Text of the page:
Gossamer Tapestry

Reflections on conservation, butterflies, and ecology in the nation's heartland

Thursday, June 25, 2009

Skywatch - Prairie Thunderstorm with Butterflies

My field season began yesterday- on the hottest day of the year so far. The goal was to collect breeding stock for this year's conservation activities. Vincent, Robin, Jay and I headed out to Grundy County. As we left town, we drove beneath some cumulus clouds that had a strong vertical aspect. By the time we got out to Gardner Prairie, they had grown to an impressive thunderstorm that soaked the city. In contrast, we had sun the entire time.

Gardner Prairie

Gardner Prairie is where we got our gorgone checkerspots for breeding last year. It's also reputed to be home to a population of leadplant flower moths. We found neither this time around. We will keep trying!

Commonwealth Edison Prairie

If Gardner Prairie was a bust, Commonwealth Edison Prairie was a near bust. We went there seeking Silver-bordered Fritillaries. We got three ragged females. Apparently we're at the very end of this year's first brood and the second has not yet begun. We saw lots of other butterflies, however, and I got a few photos in.

Two-spot Dkipper (Euphyes bimacula) -

Crossline Skipper (Polites origines) - An uncommon priaire species

Peck's Skipper - A common species that I didn't have a good digital image of.
I still don't.

See more Skywatch here.

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At 08:14, Blogger Kirk said...

It's frustrating going out in a place you know something should be and coming up empty handed. How much of a window do you have for your species?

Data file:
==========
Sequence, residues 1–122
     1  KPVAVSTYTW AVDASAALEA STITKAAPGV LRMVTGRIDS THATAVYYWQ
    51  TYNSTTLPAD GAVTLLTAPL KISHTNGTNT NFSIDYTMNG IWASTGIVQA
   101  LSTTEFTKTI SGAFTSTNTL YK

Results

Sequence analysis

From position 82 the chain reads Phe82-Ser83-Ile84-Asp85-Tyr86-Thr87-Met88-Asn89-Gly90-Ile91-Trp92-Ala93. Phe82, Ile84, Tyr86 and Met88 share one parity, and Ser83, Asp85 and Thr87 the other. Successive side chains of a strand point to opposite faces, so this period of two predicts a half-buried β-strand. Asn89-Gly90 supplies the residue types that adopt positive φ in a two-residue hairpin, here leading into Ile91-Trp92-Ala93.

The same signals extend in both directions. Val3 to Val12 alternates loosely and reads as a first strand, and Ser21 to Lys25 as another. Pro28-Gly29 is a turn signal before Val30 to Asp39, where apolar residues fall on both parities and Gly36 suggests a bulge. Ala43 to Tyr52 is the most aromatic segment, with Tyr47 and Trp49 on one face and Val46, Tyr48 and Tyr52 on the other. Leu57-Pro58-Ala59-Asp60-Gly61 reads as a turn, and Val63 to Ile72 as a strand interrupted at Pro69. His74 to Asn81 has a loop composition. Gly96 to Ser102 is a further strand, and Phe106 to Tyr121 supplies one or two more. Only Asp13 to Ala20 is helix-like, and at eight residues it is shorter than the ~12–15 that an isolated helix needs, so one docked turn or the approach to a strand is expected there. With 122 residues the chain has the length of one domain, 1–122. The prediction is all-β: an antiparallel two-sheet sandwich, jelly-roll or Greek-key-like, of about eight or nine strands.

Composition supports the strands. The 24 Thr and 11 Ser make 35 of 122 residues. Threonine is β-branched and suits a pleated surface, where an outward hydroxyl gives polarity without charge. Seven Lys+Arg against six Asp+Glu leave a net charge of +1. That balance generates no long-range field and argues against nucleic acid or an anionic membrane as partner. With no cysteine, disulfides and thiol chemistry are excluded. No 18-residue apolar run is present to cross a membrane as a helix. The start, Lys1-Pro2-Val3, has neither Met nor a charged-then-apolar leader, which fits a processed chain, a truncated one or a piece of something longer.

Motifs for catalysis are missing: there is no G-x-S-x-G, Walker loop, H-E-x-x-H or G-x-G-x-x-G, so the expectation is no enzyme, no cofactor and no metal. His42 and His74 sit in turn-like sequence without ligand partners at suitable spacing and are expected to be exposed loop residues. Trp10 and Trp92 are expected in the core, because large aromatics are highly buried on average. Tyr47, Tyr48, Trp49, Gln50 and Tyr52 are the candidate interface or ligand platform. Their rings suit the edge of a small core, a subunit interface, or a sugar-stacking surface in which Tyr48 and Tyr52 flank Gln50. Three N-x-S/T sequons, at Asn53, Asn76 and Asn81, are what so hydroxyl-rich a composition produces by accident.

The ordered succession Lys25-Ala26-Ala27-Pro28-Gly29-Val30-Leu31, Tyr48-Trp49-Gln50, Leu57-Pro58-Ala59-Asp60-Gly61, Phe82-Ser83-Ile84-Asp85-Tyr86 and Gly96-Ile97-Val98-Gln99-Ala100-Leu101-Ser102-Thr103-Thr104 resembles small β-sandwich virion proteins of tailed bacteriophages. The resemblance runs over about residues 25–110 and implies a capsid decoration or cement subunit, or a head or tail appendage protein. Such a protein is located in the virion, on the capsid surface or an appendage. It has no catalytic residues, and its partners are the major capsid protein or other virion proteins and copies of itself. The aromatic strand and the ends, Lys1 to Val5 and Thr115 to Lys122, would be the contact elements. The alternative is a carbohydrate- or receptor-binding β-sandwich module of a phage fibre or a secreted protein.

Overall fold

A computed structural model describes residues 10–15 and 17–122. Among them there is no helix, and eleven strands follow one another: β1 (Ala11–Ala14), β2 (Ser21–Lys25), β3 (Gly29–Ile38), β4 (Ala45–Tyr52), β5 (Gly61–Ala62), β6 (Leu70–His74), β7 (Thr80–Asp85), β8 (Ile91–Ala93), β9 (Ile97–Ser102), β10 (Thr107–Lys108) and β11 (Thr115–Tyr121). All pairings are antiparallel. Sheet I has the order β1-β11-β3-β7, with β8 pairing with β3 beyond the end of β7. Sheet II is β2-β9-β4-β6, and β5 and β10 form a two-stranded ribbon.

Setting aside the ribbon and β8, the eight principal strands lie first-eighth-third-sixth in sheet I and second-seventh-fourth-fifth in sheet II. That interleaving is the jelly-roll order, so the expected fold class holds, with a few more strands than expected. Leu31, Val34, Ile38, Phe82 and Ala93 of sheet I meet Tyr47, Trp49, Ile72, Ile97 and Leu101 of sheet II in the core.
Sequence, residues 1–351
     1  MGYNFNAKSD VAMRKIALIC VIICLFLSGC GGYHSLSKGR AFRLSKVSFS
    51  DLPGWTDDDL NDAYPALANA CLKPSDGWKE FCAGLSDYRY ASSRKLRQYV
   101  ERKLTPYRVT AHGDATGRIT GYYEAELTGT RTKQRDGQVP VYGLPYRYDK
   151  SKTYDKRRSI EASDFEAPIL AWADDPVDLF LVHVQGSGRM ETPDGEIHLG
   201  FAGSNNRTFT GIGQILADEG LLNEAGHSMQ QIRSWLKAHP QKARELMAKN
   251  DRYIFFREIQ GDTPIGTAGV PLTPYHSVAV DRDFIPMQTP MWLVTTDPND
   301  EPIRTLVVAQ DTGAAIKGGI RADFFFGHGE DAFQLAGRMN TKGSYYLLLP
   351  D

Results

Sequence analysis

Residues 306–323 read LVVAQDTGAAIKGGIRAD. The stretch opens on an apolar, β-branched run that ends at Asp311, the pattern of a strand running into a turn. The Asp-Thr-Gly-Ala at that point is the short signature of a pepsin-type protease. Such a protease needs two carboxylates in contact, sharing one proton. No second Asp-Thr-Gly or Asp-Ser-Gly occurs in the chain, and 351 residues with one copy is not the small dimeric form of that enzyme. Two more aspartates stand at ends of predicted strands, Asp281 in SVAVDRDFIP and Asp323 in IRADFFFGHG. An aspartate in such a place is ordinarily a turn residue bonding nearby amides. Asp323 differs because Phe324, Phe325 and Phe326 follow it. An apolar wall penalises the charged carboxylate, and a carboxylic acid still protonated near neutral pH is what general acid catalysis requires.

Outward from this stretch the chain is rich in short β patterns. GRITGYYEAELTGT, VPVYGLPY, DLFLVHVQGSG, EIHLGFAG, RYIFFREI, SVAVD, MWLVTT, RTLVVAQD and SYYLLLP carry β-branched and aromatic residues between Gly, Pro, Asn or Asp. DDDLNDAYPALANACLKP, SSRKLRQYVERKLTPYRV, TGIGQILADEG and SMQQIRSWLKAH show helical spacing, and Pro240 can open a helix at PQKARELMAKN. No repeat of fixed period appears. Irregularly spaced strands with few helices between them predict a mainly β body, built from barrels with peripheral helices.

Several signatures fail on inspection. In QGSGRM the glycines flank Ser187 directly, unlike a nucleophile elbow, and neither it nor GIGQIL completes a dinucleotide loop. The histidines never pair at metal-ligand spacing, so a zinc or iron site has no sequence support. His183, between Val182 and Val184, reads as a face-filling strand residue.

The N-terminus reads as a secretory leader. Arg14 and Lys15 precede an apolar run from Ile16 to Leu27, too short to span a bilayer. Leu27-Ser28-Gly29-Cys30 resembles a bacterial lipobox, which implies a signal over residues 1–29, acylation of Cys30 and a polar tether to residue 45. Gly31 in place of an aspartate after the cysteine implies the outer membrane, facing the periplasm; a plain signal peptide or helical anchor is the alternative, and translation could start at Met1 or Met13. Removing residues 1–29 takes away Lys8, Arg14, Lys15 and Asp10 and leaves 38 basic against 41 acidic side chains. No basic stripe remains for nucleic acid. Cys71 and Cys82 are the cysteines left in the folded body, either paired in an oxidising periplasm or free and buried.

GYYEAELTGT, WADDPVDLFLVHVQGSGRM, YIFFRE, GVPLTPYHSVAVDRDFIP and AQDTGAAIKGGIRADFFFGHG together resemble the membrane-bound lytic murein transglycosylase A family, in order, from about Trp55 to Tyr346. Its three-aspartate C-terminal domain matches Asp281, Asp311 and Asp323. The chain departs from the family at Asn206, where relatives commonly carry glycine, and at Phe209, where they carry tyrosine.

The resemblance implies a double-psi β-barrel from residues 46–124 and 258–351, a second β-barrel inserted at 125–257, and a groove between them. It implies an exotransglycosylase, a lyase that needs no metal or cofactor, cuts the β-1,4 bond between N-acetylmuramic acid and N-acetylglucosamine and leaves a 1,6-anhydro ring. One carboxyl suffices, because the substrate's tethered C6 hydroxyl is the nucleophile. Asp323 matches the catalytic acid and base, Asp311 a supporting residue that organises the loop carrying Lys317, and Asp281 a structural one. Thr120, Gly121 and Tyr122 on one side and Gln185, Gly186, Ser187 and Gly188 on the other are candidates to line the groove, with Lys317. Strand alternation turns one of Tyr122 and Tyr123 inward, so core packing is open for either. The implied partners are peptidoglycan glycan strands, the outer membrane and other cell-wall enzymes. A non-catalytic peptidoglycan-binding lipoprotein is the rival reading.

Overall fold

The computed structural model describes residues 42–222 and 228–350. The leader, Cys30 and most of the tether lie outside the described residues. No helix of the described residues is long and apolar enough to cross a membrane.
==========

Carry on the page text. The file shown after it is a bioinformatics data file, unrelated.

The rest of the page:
At 13:32, Anonymous Mark H said...

I ALWAYS truly love this "end" of the green season....we ALL know, the hot dry browning season is just ahead.... LOVELy meadows.

At 21:10, Blogger cedrorum said...

Even on a day like this I would still rather be out in the field than behind my desk. You are having weird luck with rain this year.

At 06:35, Blogger Dave Coulter said...

Nice work out there. I'm going to be doing some plant surveys next month myself. I don't mind the heat/humidity if we get an occasional break.

At 17:35, Blogger Doug Taron said...

Kirk- The good news is that we are at the beginning of the window for all of the species in question. We will have at least 3 more weeks.

Mark- I think that it stays greener in the summer here than out by you.

cedrorum- Without question. The field time is the best.

Dave- Sounds like fun.

At 15:25, Blogger Kathie Brown said...

That first shot gives me that lonesome prairie feel. Love the thunderheads.

At 15:16, Anonymous Anonymous said...

Gorgeous photos!
We have yellow skippers here(probably related?)
I am not sure of their "real name"..but they are very attracted to the brighter flowers in our garden, especially the Martha Washingtons!


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